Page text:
“An Interview with Mary”
By Anne Tibbets
Q: I understand your family is going through a difficult time. Tell us a little about it.
A: Crappers. I’d rather not talk about it. But, since you asked, here it goes. My older sister, Gwen, is a total disaster. She’s seventeen, and pregnant by this guy I call “The Creep.” He makes me feel weird. He says inappropriate stuff to me all the time. I don’t care for him, honestly. She’s decided she’s going to marry him, which my parents aren’t happy about, and they’re kind of freaking out. It’s put them on edge. Mom is handling it the worst. Her temper is out of control and she gets mad at me over stupid stuff, and when Mom gets mad, she gets physical. Plus, Gwen can get pretty mean and picks on me for no reason. I’m not going to lie, it can get pretty rough.
Q: How are you dealing with it?
A: Dealing with it? I don’t know. I just try and stay out of the way. That’s what my brother, Paul, keeps telling me to do. But I don’t always have control over my mouth and I end up blurting out things that get me into bigger trouble. I wish I could just shut up.
Q: Have you talked to anybody about it?
A: There’s no one to talk to. I tried to talk to my teacher about it, but she thought I was being melodramatic. So I just keep it to myself mostly. There’s nothing anybody can do anyway.
Q: Why do you think that?
A: I don’t think any one would believe me.
Q: So, what are you going to do?
A: (shrugs) I have a couple ideas. But I’m not sure yet.
Q: What are your ideas?
A: Well, if I could run away, and get a job. Maybe I could support myself and live alone. Alone, there would be nobody there to tell me every time I do something wrong, which seems to be often. But I also have a Plan B.
Q: What Plan B?
A: I keep a bottle of pills. You know, just in case I can’t take it anymore.
Q: Surely, there has to be another solution?
A: If there is one, let me know. I’m open to suggestions.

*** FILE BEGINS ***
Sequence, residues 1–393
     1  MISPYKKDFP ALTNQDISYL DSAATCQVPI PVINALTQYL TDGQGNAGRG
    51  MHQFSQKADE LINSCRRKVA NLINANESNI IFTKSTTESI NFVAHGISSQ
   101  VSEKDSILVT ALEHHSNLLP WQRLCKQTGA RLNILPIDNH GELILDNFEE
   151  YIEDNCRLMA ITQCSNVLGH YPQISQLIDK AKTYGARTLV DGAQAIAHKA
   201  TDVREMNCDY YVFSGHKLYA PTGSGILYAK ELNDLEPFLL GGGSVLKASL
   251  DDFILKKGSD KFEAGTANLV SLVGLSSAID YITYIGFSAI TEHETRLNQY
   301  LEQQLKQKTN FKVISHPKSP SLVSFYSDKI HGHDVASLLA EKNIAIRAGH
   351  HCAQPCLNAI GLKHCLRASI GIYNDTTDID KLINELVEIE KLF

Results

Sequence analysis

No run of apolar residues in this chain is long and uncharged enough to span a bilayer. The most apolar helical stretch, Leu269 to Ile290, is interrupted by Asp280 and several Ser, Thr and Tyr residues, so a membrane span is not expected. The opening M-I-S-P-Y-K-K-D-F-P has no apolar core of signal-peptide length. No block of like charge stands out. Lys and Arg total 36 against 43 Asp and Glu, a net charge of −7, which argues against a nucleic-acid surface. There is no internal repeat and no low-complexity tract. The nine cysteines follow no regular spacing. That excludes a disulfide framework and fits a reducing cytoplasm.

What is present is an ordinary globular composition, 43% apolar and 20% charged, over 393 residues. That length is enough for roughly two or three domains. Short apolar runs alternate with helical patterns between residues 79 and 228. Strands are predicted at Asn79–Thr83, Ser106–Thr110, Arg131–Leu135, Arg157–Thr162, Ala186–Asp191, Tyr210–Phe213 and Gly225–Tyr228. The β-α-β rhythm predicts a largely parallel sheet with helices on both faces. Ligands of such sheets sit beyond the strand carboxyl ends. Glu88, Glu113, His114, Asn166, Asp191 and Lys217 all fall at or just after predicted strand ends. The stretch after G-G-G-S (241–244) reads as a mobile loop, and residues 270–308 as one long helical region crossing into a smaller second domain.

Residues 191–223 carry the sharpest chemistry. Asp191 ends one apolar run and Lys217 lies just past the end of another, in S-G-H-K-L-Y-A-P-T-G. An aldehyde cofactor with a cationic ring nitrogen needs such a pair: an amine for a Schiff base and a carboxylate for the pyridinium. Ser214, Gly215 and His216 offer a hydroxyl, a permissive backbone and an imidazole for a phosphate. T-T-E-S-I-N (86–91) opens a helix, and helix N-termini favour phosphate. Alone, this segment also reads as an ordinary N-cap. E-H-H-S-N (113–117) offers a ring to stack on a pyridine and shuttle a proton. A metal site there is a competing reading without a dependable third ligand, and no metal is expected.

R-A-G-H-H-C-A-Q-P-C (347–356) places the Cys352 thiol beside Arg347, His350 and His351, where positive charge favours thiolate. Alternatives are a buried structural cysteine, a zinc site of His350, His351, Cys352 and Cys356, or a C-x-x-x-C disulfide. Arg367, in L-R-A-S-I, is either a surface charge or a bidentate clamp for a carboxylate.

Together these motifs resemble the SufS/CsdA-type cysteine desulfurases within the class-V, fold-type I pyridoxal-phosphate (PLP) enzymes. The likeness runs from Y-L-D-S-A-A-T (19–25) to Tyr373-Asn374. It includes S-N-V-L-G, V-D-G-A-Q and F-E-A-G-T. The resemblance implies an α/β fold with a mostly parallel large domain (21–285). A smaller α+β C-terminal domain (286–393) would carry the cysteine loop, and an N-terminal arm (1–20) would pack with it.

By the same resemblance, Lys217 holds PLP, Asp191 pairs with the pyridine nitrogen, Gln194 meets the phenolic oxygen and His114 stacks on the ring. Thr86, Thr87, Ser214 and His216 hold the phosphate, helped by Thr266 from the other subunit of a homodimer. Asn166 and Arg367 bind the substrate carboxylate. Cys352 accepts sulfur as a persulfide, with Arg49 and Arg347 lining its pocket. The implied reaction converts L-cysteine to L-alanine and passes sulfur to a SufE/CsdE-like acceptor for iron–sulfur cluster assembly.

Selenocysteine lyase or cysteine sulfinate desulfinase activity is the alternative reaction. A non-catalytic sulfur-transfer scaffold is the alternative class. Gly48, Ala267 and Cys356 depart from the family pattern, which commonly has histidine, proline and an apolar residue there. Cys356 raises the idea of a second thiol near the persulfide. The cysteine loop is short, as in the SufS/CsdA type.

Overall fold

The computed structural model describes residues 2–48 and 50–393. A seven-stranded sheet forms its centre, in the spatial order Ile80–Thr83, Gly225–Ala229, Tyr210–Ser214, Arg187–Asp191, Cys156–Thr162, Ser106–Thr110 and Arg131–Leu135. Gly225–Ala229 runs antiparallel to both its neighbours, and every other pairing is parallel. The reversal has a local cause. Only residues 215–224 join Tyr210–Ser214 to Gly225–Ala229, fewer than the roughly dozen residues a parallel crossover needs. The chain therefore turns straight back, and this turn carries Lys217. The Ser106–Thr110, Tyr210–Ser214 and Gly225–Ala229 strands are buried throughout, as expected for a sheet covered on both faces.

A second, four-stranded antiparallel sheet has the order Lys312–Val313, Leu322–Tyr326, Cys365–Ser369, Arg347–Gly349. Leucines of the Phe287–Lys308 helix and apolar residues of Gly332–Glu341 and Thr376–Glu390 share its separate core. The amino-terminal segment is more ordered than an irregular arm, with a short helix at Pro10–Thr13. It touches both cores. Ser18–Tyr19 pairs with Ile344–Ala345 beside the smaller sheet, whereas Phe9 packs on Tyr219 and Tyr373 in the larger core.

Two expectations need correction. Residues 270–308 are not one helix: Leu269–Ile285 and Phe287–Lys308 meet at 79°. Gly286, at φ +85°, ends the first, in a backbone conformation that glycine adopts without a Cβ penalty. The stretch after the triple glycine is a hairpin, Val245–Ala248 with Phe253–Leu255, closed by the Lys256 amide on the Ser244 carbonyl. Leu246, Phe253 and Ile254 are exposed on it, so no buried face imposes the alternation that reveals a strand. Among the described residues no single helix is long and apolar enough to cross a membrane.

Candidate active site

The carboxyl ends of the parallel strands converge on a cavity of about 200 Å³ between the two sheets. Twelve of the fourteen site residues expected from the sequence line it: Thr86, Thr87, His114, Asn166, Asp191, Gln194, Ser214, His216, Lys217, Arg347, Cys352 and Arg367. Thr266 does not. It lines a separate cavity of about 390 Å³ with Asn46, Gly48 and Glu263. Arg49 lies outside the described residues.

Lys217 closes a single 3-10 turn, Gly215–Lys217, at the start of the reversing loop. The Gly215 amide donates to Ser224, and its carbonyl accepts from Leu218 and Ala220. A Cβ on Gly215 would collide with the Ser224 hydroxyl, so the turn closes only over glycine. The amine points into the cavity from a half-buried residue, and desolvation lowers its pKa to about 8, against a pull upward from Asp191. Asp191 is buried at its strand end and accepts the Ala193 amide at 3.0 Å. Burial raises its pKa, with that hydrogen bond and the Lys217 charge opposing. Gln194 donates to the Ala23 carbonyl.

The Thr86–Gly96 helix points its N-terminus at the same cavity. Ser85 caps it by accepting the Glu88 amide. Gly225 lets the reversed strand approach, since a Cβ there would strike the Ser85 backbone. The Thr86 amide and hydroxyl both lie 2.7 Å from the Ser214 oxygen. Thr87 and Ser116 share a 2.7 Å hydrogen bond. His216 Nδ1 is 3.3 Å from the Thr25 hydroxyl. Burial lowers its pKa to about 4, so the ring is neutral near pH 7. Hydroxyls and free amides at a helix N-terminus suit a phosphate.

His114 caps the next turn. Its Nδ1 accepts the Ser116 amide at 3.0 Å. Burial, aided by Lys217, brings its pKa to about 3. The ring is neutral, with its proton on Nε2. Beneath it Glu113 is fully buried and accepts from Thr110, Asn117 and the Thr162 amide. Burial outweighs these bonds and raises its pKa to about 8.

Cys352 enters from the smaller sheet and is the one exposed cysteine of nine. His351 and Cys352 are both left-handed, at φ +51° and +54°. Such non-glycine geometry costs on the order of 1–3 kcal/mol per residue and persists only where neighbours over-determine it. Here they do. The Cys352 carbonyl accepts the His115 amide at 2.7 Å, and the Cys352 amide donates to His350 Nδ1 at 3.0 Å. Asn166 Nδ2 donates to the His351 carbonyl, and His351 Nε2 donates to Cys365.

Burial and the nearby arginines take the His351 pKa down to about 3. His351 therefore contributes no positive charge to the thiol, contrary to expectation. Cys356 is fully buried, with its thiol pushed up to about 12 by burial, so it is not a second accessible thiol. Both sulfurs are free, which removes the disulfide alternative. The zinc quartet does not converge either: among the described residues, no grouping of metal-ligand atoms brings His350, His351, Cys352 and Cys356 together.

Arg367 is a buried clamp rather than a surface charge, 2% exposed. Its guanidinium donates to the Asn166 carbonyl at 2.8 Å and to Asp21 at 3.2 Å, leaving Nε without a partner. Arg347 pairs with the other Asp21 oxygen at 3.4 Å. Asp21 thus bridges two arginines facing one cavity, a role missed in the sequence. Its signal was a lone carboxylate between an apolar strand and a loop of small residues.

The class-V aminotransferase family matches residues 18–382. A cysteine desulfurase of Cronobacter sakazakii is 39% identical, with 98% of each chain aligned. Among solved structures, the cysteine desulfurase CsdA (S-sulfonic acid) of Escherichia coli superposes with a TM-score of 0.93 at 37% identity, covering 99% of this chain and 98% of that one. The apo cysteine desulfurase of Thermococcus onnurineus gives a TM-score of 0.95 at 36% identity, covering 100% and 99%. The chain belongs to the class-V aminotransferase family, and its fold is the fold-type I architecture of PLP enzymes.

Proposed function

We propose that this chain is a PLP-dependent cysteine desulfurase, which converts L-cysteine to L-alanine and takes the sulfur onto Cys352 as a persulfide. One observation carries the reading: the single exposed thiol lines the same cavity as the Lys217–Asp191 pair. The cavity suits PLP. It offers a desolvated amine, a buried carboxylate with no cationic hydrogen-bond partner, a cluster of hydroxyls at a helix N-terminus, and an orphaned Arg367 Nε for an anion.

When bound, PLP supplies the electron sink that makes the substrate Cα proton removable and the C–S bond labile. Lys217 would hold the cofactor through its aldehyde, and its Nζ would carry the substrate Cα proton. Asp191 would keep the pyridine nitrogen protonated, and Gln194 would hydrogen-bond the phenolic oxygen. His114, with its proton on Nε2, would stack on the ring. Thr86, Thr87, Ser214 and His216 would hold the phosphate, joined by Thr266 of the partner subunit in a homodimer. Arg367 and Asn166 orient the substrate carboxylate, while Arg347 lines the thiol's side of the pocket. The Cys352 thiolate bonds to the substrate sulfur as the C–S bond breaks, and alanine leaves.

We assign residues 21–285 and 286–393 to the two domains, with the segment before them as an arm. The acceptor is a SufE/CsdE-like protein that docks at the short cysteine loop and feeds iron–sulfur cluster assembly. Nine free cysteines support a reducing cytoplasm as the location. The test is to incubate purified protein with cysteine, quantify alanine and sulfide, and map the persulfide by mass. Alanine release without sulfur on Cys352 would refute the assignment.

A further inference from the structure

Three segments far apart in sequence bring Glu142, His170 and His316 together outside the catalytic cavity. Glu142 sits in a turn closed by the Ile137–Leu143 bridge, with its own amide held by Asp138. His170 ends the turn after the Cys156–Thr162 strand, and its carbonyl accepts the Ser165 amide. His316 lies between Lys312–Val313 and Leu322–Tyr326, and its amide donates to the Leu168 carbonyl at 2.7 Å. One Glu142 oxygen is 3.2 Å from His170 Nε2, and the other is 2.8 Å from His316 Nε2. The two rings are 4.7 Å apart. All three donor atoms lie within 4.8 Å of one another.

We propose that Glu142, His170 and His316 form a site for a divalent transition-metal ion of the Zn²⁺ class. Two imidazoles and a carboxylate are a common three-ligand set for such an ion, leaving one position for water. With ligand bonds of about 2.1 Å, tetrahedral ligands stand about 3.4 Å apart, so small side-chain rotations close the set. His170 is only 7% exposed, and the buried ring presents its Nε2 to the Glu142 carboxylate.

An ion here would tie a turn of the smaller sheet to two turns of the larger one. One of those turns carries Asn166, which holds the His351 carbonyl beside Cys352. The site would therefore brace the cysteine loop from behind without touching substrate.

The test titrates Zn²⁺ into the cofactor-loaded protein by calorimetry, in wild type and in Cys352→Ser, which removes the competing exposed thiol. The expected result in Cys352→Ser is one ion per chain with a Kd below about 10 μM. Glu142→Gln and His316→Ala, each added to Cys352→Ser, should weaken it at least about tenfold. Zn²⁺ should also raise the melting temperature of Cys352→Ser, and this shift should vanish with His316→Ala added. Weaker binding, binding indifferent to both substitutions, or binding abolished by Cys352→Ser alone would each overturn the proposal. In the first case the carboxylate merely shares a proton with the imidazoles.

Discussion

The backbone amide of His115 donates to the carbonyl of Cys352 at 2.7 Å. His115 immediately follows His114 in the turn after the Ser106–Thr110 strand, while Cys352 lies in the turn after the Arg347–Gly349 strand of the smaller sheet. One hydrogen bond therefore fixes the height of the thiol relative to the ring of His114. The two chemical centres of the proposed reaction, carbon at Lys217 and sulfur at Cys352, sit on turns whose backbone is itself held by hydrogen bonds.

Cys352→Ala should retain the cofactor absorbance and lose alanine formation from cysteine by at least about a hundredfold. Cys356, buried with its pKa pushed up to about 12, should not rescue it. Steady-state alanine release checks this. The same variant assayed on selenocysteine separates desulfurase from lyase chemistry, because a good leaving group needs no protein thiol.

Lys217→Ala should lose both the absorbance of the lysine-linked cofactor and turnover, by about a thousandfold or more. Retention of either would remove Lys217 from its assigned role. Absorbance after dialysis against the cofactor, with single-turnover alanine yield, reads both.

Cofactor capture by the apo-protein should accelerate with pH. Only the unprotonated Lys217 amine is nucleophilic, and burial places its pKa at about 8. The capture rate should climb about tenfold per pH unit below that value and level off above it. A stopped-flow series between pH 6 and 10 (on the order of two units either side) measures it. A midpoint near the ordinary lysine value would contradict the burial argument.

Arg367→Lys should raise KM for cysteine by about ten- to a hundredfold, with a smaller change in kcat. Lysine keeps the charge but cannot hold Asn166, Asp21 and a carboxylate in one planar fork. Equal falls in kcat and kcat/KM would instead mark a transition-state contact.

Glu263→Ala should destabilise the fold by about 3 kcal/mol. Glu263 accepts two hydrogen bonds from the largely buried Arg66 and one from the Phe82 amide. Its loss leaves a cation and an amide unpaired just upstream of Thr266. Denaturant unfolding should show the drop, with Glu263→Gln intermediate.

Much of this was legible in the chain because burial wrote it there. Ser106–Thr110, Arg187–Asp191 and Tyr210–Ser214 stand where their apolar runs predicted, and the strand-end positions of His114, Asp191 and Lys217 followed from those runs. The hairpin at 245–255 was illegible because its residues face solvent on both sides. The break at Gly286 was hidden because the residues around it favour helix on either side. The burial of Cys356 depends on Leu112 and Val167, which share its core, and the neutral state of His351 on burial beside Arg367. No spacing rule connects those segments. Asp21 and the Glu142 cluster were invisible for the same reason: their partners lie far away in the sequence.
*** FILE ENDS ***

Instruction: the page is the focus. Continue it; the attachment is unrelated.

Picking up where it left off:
Synopsis of SHUT UP from Author: Mary's older sister, Gwen, has royally screwed up her life. Not only is Gwen pregnant at seventeen, but she's also decided to marry The Creep who knocked her up.
Now Mary is powerless to stop her family from imploding. Her parents are freaking out, and to top if off, The Creep has a gross fascination with Mary, while Gwen enjoys teasing her to tears for sport.
Despite her brother's advice to shut up, Mary can't keep her trap closed and manages to piss off Mom so much it comes to blows.
Mary doesn't know what to do, and all her attempts to get help are rejected. When she finally plans her escape, she fails to consider how it could destroy them all.
SHUT UP features mature themes such as physical abuse, sexual assault, depression and suicide. Based on events from my own childhood, SHUT UP is a book I would recommend for all teens.
I used to like to skateboard alone in the side yard, which was this large cement slab with half brick walls on either side. It was quiet, out of sight from the inside of the house, and perfect for riding a skateboard back and forth a thousand times, and maybe doing a few tricks, or roller blading in circles, depending on your mood. I liked it there because it got me away from Rose, who I was stuck sharing the same bedroom. Rose was always following me around and wanting to play baby games, like dolls. Luckily for me, Rose didn’t like to skateboard.
Paul did, though. Some days he would skateboard too. I thought Paul was pretty cool, so that was always fun. Then one day, long before the baby, long before the pregnancy, and long before Gwen and The Creep were forbidden from seeing each other, The Creep strolled into the side yard as I was skateboarding.
He usually just hung all over Gwen. I couldn’t think what made him want to come to the side yard. I didn’t think he was there to skateboard. I saw him coming from the courtyard and quickly sat on the brick wall against the house, sliding the skateboard back and forth as casually as I could with one foot on the concrete. I didn’t want to ride in front of him; if I fell, the teasing would have been endless.
“So,” The Creep said, crossing his arms and leaning back on his heels. “What are you doing?”
“Skateboarding,” I said, rolling my eyes at him. Dumb question -- there was a skateboard right in front of me. Duh!
“All by yourself?” he asked.
“Yeah. Sometimes Paul or Ralph come out and do it too.” I thought maybe if he knew others could show up he’d take a hike. After staring at him for ten seconds in silence I realized he wasn’t budging. Drat.
He grinned. “Is Ralph your boyfriend?” He looked like he was about to laugh.
I felt my stomach turn sour. He was making me feel weird again. He did that a lot. That’s why I thought he was creepy. Just then, my foot slipped from the skateboard and it rolled away, banging against the wooden gate a few yards off. I stood up and got it, feeling The Creep’s eyes on me. I sat back down quickly, with my back against the house, trying to act like it didn’t bother me. He strolled over to stand in front of me again.
“No. Ralph isn’t really my boyfriend,” I said, watching him approach. I didn’t want to tell him that Ralph had kissed me on the cheek just the week before in the bushes.